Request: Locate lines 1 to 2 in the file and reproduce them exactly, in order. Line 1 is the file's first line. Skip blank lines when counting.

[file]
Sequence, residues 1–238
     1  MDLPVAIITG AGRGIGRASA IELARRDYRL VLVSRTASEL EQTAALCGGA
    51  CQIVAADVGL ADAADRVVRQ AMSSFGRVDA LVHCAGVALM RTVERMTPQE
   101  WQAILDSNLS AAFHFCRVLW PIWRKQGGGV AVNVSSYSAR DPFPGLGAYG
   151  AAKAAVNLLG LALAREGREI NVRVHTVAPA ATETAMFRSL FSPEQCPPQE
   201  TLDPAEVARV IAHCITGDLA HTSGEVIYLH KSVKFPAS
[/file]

Sequence, residues 1–238
     1  MDLPVAIITG AGRGIGRASA IELARRDYRL VLVSRTASEL EQTAALCGGA